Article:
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I would like to translate this sentence to Russian:

The doors of the [beduin] tents slammed open and shut in the wind.

I found the verbs хло́пнуть and захло́пнуть for shutting or slamming a door. Though, to me, it seems like both terms mean closing a door rather than opening it.

However, I would like to emphasize that the doors did both (open and close).

Right now I am using this sentence, which has a slightly different meaning:

Двери палаток так хлопнули на ветру, что всё загремело.

  • Can you slam a door open? Doesn't it sound odd? I found some discussions on the topic and indeed people experiment with the word. I too can do an experiment and invent a new word: расхлопывать. Winnie-the-Pooh could easily use it. – AlexVB Jan 5 '18 at 11:44
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    I think a bedouin tent door or any other kind of tent opening would rather flap in the wind and not slam open or shut. – Shambhala Jan 5 '18 at 14:35
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    The door had a solid frame and would slam. But that's not the point here. Imagine a regular wooden door, if you don't like the idea of a tent having a door. :-) – user1438038 Jan 5 '18 at 15:03
  • Двери палаток, ударяясь, закрывались и открывались ветром. – mikhailitsky Jan 5 '18 at 20:44
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Двери палаток хлопали, открываясь и закрываясь от ветра.

Note that хлопнули is a single-event verb whereas хлопали is a multi-event verb which is probably what you wanted.

I think you used "open and shut" only to emphasize the repetitiveness of the slamming. In Russian you can safely drop "открываясь и закрываясь" because repetitiveness is already expressed by хлопали. Thus you can simply say :

Двери палаток хлопали от ветра.

Or

Ветер хлопал дверьми палаток.

Which sounds a bit more fiction-like, if that's what you are writing.

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    Sure, the slamming was a continuous process. Good point! But хло́пать only means (repetitively) slamming with a loud noise, it does not indicate any direction, right? In particular, it does not only mean to slam shut? – user1438038 Jan 5 '18 at 12:17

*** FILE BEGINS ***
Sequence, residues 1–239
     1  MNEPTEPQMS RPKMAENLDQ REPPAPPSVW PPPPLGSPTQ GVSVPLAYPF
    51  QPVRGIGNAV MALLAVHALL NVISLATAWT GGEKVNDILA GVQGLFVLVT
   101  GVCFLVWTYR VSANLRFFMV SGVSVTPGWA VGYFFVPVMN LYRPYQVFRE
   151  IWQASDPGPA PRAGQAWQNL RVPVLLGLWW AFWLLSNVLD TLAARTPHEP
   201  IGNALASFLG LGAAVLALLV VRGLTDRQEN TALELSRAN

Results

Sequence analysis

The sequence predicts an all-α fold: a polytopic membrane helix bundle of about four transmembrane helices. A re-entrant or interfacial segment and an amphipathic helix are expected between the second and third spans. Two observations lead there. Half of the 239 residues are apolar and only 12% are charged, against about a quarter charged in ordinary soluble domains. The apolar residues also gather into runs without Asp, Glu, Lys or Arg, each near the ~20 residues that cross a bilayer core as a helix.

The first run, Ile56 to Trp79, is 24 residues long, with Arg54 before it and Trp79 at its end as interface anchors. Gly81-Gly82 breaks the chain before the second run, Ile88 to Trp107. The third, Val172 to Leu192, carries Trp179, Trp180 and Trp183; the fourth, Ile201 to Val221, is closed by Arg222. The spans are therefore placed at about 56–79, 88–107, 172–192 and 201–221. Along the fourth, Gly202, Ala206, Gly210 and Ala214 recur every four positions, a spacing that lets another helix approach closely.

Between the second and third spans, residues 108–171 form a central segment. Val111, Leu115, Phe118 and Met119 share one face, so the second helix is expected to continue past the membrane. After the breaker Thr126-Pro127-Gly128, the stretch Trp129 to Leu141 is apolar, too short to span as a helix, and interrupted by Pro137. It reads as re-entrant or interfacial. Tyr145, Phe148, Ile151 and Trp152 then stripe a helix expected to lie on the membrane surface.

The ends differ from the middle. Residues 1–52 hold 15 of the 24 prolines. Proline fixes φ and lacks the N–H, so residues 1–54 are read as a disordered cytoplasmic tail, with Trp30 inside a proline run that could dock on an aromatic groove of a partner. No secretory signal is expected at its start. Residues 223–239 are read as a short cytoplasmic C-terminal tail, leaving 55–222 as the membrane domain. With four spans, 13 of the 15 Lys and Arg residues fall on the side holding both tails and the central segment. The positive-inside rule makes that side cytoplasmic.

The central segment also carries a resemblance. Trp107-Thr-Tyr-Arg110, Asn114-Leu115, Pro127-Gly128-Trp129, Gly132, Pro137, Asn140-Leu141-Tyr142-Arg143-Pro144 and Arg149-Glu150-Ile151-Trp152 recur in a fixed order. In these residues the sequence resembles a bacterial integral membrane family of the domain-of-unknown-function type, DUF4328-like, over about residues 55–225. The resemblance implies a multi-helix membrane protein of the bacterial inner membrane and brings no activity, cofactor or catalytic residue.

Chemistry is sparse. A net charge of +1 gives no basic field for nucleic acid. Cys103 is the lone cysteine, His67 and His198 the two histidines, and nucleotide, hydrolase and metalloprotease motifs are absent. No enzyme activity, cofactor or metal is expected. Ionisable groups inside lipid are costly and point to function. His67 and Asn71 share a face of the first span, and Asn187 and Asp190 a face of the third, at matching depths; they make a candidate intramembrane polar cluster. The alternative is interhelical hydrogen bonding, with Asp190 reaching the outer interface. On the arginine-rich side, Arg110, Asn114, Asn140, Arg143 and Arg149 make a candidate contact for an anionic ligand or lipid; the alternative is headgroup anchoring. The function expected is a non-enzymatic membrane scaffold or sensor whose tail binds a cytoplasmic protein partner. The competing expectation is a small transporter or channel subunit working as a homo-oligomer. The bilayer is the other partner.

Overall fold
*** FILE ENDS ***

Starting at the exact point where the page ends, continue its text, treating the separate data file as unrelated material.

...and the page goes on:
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    @user1438038 захлопнуть, meaning a single action, will mean to slam shut. Хлопать, a repeated action, will be understood as opening and closing a number of times. – svavil Jan 5 '18 at 13:04
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    still usually with respect to a door хлопать has connotations of closure, when we say or hear он вышел, хлопнув дверью we mean and understand that a person slam shut the door, not slam opened it on the way out – Баян Купи-ка Jan 5 '18 at 19:11
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Дверцы палаток то распахивались, то захлопывались от ветра (на ветру).

  • exactly........ – Баян Купи-ка Jan 5 '18 at 11:46
  • Fling open is a word for распахивать, but people find it sounds not enough slamming. – AlexVB Jan 5 '18 at 11:58
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    I'd add с шумом (распахивались), but I couldn't imagine any noise (like хлопание) at opening a tent door :) – Alex_ander Jan 5 '18 at 12:32
  • I also agree, there should be two verbs +1 – V.V. Jan 5 '18 at 19:20
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You can go with a description. Двери стучали на ветру. (Or: Дверь стучала на ветру for singular.) This basically focuses on the doors producing the sound and not being shut or open, but it's obvious that doors produce a clapping sound by closing themselves.


Another issue is if your tents really have doors or the entry blocking device is called different. Compare полы шатра.

My стучали above implies hard doors, of wood or something. If it's fabric, I'd say хлопали, e.g. Полотнища палаток хлопали на ветру, паруса хлопали от порывов ветра.

  • Is was a metal frame covered with thick fabric. The material could not distort, so I would rather consider it a solid door. The door was not fluttering in the wind, like it would do on a regular camping tent. – user1438038 Jan 8 '18 at 13:46
  • I'd go for стучали in this case. – Oleg Lobachev Jan 8 '18 at 19:28
  • I have searched for both Дверь хлопала на ветру and Дверь стучала на ветру on Google. The first sentence gives me 800+ results, wheres I don't get a single result for the second one. I'm not a native speaker, so I can't tell, but стучала seems rather uncommon. – user1438038 Jan 9 '18 at 11:02
  • google.com/… ? – Oleg Lobachev Jan 9 '18 at 16:09
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I would not recommend to employ the words "дверь" or "двери" in application to a beduin's tent. On this occasion, "полог" would be better. Then the verb describing the behaviour of this kind of cover is "трепетать":

"Полог его палатки трепетал на ветру"

You can say even stronger:

"Полог его палатки рвался и трепетал на ветру, так что внутри палатки всё сотрясалось."

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    In my case the tent had indeed a more or less solid door, so дверь suited well. But in general you are probably right, that the entrance to a beduin's tent is not commonly referred to as a "door". Thanks for the addition. – user1438038 Aug 16 at 8:23
  • in that case, we маы say: "Дверь его шатра содрогалась и хлопала на ветру; да так что всё внутри сотрясалось" – Michael_1812 Aug 16 at 15:51

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